At the simplest level, a video conference is an online meeting (or a meeting over distance) that takes place between two parties, where each participant can see an image of the other, and where both parties are able to speak and listen to the other participants in real time.
The components to make this happen include:
• A microphone, webcam and speakers
• A display
• A software program that captures the voice stream from the microphone, encodes it, transmits to the other participant, and simultaneously decodes the digital voice stream being received from the remote participant in the video conference (most commonly referred to as a “Codec”).
• A software program that bridges both parties together across a digital connection, managing the exchange of voice and video between participants. At either end of the connection, the video and voice traffic is combined and delivered to each participant in the form of a real-time video image and audio stream.
Terminology used by video conferencing users to describe the process of dialing into and participating in a virtual meeting is known as “joining a bridge.” Different virtual meeting rooms are assigned unique “bridge numbers,” and users join a video call by “dialing a bridge number.”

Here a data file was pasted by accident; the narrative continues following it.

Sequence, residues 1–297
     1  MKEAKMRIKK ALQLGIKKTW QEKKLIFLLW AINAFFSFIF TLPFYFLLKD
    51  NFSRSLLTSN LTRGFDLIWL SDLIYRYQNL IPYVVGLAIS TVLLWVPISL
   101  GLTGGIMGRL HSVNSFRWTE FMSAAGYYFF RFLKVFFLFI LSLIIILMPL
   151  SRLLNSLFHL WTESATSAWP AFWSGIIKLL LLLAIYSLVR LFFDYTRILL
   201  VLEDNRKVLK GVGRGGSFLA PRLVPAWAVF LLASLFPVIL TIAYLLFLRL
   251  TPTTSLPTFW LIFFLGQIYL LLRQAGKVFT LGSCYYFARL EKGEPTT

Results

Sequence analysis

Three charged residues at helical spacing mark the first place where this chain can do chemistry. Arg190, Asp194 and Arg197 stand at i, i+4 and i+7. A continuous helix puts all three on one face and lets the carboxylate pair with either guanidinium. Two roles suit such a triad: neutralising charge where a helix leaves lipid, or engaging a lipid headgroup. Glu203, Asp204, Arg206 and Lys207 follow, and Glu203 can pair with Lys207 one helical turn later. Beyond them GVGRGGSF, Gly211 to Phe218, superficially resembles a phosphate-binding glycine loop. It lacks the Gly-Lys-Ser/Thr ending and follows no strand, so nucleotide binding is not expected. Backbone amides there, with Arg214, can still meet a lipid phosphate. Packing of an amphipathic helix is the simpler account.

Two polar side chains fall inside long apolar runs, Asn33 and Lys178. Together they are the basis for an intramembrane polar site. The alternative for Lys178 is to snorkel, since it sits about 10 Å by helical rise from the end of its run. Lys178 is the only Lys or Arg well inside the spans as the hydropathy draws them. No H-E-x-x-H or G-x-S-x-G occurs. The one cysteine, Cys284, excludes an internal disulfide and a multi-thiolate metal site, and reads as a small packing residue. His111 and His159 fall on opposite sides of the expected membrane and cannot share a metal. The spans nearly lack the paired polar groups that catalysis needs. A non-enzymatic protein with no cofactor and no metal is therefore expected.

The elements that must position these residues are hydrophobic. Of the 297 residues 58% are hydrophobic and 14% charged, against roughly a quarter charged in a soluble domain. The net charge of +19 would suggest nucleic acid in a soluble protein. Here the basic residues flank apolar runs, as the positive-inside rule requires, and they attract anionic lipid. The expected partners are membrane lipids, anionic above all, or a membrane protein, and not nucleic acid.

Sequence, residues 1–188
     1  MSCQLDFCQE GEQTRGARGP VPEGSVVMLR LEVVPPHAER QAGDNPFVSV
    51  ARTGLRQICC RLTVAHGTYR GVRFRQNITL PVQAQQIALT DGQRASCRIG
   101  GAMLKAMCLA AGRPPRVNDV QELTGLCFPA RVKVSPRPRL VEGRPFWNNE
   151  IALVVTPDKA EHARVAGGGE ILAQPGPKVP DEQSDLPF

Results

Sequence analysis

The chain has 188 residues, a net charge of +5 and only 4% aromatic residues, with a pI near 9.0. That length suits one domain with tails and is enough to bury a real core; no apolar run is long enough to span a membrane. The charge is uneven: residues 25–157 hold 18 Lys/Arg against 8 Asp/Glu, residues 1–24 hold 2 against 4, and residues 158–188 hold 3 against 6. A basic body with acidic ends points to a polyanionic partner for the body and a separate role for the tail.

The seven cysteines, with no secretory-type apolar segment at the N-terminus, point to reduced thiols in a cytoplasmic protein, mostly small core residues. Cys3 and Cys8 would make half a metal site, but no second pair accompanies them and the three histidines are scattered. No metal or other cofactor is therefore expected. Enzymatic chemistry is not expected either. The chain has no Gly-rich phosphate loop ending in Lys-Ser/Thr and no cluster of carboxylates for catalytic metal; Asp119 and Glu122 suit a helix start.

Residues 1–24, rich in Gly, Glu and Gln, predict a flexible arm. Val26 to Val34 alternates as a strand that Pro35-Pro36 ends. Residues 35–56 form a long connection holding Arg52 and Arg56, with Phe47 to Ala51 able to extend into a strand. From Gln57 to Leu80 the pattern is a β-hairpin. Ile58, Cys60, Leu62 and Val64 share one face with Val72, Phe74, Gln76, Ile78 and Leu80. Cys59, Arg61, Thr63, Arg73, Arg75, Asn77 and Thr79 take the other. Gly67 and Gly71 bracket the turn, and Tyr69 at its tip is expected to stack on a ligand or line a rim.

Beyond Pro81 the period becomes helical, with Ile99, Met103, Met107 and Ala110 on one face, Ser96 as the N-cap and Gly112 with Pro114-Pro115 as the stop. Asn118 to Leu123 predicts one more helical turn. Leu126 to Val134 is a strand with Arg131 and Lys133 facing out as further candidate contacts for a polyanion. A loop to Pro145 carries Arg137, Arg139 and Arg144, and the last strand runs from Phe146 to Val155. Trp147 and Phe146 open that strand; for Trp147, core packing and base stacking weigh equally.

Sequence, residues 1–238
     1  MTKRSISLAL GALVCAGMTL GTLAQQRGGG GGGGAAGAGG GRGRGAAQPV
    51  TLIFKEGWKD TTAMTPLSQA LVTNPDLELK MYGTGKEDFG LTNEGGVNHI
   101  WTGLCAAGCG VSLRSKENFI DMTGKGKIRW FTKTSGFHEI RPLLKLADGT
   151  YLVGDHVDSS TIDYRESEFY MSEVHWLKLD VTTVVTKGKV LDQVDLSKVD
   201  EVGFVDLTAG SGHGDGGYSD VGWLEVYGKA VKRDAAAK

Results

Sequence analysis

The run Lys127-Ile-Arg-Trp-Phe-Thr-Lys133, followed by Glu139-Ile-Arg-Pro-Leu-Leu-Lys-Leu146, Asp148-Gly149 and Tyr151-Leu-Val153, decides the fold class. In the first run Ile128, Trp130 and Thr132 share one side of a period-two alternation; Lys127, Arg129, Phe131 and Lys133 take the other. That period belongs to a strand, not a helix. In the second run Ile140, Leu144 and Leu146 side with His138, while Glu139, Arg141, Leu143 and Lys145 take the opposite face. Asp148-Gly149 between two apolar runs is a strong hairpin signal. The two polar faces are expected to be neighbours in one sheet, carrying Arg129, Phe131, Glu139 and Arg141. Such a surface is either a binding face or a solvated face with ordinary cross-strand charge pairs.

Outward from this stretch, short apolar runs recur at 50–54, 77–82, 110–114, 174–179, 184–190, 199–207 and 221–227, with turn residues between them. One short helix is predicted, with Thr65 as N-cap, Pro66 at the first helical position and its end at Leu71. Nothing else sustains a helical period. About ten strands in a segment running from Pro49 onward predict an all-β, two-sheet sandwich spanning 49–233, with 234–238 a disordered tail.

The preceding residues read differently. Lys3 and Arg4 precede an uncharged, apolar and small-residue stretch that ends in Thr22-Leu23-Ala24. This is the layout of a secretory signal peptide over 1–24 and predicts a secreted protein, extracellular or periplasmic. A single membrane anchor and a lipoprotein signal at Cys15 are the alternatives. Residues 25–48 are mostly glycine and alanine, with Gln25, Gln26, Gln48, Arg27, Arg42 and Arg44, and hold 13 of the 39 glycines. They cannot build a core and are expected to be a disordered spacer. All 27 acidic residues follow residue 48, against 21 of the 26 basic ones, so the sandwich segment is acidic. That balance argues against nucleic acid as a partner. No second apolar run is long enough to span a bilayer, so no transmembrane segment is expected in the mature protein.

Video-enabled meetings happen in two distinct ways: either point-to-point or with multi-point. In point-to-point, the simplest scenario is where one person or group is connected to another. The physical components (i.e. microphone and camera) that enable the meeting to take place are often integrated in to desktop computing solutions like a laptop or tablet, or can be combined into dedicated, room-based hardware solutions. Where desktop solutions tend to be used by individuals, room-based solutions utilize dedicated video conferencing technology where groups of people can be seen, heard and can naturally participate in the meeting.
In multi-point video calls, three or more locations are connected together, where all participants can see and hear each other, as well as see any content being shared during the meeting. In this scenario, digital information streams of voice, video and content are processed by a central, independent software program. Combining the individual participant’s video and voice traffic, the program re-sends a collective data stream back to meeting participants in the form of real-time audio and video imagery. Individuals can participate in a meeting in an “audio only” mode, or combine audio with video images of the meeting on screen allowing meeting participants to view and interact in a ‘virtual meeting room.’ The software program which creates the “virtual meeting room” and the digital processing hardware on which it resides, is often called a video bridge, or “bridge”, for short. Another term for a bridge which is often used is a video conferencing “multipoint control unit” or “MCU.”